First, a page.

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We had a small but a Happy Thanksgiving which allowed me to watch a documentary I had recorded and read some books that I have been ignoring. If you want to understand what's happening today, I suggest you watch the 5 1/2 hour PBS’s documentary called "Prohibition." The 18th amendment (Prohibition) was a great example of government overreach and a lesson to all, that you cannot legislate morality. The majority ignored prohibition and it was exploited by the minority. Farmers, merchants, and gangsters became bootleggers while politicians and law enforcement became enablers. The documentary was more about life lessons, than it was about the illegal consumption or the selling of alcoholic beverages. It reminded me of the hyper-partisanship we are in today, where the fight is more important than the issue. Back then the dries (a reformer who was for the 18th amendment) usually started their meetings with the serving of alcohol. On the other side, some of the wets (proponents of repealing the 18th amendment) were teetotalers. Like today, it became a wedge issue and very political. For example, it wasn't that long ago when the indivual mandate and Cap-and- Trade were conservative ideas. President’s Nixon's health care plan was to the left of today’s Affordable Health Care Act. In fact the top two contenders for president in the GOP have had similar stances on health care as the current president. I can see the confusion in the GOP debates, where Perry, Cain, and Romney are struggling to find the answer; they think the audience wants to hear. Newt Gingrich proved that by going further than Rick Perry on illegal immigration, but he didn't apologize for it, nor did he suffer in the polls for it.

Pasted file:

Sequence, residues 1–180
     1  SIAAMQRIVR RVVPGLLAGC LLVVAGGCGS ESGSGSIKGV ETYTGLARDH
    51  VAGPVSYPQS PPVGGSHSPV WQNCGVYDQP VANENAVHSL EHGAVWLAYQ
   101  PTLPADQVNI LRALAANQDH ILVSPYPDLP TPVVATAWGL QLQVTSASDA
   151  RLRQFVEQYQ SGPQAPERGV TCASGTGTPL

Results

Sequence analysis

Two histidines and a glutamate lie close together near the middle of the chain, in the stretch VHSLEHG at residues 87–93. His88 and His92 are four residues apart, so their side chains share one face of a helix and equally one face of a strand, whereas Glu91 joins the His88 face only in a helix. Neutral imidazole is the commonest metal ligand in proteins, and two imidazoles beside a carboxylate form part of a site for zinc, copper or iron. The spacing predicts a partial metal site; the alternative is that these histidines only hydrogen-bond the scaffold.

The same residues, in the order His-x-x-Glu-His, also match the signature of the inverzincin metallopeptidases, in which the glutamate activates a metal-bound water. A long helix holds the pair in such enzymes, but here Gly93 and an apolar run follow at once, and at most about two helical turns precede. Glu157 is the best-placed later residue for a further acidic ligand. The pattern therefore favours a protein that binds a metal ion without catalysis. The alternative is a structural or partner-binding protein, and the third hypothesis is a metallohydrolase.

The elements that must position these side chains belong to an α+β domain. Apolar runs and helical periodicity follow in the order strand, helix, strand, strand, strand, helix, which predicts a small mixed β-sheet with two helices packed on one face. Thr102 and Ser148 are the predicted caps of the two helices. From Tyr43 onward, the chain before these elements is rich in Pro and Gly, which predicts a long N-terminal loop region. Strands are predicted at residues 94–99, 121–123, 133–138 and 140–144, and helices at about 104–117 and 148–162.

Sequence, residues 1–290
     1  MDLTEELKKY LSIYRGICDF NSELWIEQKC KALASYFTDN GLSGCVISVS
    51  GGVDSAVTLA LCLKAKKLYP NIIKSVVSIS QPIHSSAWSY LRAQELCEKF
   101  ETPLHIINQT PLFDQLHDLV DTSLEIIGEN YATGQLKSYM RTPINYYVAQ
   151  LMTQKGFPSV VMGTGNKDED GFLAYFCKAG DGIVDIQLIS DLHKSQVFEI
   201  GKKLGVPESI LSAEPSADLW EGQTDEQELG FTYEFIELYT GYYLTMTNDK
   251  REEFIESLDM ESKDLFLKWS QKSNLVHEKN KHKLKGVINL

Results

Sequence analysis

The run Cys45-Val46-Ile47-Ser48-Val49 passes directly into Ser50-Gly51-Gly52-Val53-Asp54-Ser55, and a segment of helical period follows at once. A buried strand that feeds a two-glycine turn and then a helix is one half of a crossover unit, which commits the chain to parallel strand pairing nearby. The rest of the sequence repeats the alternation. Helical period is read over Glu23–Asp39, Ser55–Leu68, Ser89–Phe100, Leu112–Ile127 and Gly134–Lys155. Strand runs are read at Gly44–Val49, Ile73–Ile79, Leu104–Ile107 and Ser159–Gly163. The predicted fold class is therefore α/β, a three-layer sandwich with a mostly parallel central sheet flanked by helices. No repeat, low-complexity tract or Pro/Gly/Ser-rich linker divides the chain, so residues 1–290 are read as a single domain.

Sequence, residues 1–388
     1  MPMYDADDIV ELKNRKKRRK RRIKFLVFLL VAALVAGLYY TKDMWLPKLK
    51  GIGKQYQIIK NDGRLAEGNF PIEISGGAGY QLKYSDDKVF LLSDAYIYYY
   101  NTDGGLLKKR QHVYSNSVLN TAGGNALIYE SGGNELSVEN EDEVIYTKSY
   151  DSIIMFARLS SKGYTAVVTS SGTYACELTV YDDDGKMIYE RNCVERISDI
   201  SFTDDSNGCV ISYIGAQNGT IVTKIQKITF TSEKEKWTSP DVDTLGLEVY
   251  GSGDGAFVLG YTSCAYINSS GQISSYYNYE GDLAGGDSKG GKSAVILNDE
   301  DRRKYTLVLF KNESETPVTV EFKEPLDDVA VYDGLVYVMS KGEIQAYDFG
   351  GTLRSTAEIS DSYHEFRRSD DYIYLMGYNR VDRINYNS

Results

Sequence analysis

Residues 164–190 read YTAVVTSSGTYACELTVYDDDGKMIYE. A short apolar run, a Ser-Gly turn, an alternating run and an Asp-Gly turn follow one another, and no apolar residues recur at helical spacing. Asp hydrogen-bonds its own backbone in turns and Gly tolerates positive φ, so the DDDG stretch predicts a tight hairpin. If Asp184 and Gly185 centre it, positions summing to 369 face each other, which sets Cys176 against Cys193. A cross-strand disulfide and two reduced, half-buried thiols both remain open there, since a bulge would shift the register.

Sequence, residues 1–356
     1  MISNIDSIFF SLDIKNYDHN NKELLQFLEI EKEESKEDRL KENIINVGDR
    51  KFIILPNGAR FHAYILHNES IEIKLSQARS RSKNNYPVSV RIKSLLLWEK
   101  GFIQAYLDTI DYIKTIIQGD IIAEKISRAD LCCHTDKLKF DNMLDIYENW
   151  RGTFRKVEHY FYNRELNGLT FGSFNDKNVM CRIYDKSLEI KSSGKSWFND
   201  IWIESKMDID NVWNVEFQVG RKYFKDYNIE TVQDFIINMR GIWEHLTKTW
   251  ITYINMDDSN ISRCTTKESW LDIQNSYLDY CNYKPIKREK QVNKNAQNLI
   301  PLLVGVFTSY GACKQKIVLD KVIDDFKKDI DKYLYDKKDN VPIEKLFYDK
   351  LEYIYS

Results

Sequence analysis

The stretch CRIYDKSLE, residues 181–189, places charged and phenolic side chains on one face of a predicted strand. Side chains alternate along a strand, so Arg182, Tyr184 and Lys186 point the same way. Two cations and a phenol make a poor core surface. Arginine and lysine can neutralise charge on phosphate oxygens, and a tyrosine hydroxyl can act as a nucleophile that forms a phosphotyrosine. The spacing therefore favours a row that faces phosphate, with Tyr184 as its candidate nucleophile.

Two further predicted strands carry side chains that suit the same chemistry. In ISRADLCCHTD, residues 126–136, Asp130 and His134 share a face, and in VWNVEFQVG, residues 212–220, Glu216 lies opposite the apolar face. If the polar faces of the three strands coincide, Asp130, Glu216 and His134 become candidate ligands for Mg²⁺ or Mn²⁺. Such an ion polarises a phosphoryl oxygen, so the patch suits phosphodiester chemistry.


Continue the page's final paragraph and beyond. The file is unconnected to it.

I read an article in the New York Times by Jeffrey Sachs called “The New Progressive Movement" where he said historians point out that politics moves in long swings. We are at the end of 30 years Reagan's era which the top 1% did quite well with favorable tax policies. President Reagan ushered in his new era with his renowned slogan that is being revived by today's Republicans” Government is not the solution to your problem. Government is the problem." Taxes on the rich were quickly slashed as well as outlays on public services and investment as a share of national income. Only the military, Medicare, Social Security, Security, Medicaid, and veterans benefits survived the cuts. If it weren't for politics, the latter would have suffered the same fate because the ultimate goal is total privatization.